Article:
Two key lawmakers have proposed a bipartisan plan to reduce U.S. greenhouse gas emissions, which scientists believe cause global warming. But the proposal faces opposition from the Bush administration.
Senator John McCain, an Arizona Republican, and Senator Joe Lieberman, a Connecticut Democrat, are sponsoring the plan, which would require U.S. power plants and industries to reduce emissions of carbon dioxide and other greenhouse gases.
Mr. McCain unveiled the proposal at a hearing of the Commerce, Science and Transportation Committee, which he chairs. "The United States is responsible for 25 percent of the worldwide greenhouse gas emissions. It is time for the United States to do its part to address this global problem," he said.
His proposal would establish a nationwide cap on greenhouse gas emissions that scientists say contribute to the Earth's rising temperature. Industries would have to limit their emissions to 1990 levels by the year 2016.
The plan would offer a trading system under which industries with excessive emissions could buy credits from more efficient companies that have reduced emissions beyond their targets.
But the proposal faces an uncertain future. The Bush administration opposes mandatory limits of greenhouse gas emissions, favoring a voluntary approach instead.
"We do have evidence of global change," said James Mahoney of the National Oceanic and Atmospheric Administration. "I think it is important to cite that there are substantial uncertainties about causes, and because of that uncertainty about causes, there is also substantial uncertainty about the mitigation methods that might be effective in time," added Mr. Mahoney, who is director of the administration's Interagency Climate Change Science Program.
The Bush administration also opposes the 1997 Kyoto Protocol, which calls for mandatory reductions in greenhouse gas emissions as well. President Bush says the treaty, which was signed by the Clinton administration but never ratified by the Senate, would hurt the U.S. economy. He also objects to the fact that large developing nations like China and India are exempt from the mandatory cuts in emissions.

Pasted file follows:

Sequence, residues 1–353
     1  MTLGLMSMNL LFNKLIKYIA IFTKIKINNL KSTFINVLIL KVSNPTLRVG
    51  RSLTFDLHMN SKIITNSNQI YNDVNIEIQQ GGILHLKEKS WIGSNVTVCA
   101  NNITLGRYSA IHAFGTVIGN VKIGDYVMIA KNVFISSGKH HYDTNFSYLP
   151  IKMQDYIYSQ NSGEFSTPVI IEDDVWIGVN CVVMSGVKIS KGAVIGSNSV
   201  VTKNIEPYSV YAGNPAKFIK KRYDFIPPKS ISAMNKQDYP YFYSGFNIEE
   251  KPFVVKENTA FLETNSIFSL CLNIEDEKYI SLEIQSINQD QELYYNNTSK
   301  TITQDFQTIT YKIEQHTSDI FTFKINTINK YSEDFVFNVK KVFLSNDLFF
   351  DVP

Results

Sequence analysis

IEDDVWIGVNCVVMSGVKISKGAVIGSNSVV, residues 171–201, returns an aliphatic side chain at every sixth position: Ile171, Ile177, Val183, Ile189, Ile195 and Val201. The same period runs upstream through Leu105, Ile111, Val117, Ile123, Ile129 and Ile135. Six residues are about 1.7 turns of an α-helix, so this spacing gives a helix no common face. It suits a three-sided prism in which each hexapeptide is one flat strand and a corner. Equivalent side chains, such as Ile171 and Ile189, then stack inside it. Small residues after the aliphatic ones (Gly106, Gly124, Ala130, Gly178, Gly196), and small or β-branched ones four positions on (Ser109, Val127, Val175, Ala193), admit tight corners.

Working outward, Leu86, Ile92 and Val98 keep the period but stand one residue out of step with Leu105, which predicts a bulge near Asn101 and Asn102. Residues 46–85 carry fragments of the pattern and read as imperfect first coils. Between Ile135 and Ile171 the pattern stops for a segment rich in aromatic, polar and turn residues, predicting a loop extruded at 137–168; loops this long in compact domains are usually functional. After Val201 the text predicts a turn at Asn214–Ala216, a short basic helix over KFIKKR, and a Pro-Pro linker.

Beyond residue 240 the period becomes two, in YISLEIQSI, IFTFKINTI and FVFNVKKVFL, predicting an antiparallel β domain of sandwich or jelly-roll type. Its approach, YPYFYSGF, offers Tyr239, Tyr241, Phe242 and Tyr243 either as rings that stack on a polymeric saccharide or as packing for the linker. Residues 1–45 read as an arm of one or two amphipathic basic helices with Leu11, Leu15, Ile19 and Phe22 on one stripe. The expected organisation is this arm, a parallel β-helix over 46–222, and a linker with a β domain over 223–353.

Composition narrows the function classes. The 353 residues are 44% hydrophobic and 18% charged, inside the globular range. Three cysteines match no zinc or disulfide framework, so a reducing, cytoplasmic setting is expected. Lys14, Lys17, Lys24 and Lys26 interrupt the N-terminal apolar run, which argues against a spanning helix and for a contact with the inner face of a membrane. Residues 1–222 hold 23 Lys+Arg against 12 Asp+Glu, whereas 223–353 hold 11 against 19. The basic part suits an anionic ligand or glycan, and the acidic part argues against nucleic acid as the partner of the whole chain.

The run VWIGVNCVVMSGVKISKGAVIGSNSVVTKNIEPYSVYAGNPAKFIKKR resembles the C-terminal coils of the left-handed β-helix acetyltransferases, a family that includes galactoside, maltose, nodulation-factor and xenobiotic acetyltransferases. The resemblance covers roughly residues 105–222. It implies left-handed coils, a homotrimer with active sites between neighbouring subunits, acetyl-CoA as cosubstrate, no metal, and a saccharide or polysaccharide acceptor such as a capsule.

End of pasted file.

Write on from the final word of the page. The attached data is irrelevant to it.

It is a point underscored by Senator John Sununu, a New Hampshire Republican, who argued that developing nations have just as much a role to play in limiting carbon dioxide emissions as the United States. "In 10 or 15 years, developing nations which are not party to the discussion or regulation in the Kyoto protocol, will be responsible for the majority of the CO2 emissions in the world," he said.
But Senator Lieberman, who will likely run for President next year, says U.S. reluctance to address global warming is angering U.S. allies at a time when the United States is trying to build coalitions in the fight against terrorism and a possible war against Iraq.
"America's stature in the world will be affected, but more practically and importantly, some of our most important alliances, particularly as we are at war against terrorism, and perhaps soon against Iraq, are affected by our unwillingness to join the rest of the world in dealing with a problem that the people of some our closest allies are anxious about," he said.
Mr. Mahoney, of the interagency climate change program, says the administration is taking steps to respond to the problem. He says Mr. Bush has proposed a plan of incentives and tax credits to encourage businesses to voluntarily reduce emissions, and has backed research into new technologies that would be less polluting.